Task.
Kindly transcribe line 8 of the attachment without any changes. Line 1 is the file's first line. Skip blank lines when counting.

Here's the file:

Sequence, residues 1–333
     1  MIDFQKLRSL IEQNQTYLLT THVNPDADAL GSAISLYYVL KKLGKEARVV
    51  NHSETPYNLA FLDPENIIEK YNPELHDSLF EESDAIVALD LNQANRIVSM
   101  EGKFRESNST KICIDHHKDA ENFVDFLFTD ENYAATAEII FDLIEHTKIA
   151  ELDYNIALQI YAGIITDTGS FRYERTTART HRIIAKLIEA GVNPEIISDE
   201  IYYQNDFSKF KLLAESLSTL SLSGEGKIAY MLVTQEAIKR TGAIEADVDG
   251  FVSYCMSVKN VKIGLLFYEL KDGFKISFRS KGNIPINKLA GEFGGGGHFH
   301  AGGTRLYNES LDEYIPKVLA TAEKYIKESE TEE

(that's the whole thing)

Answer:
   301  AGGTRLYNES LDEYIPKVLA TAEKYIKESE TEE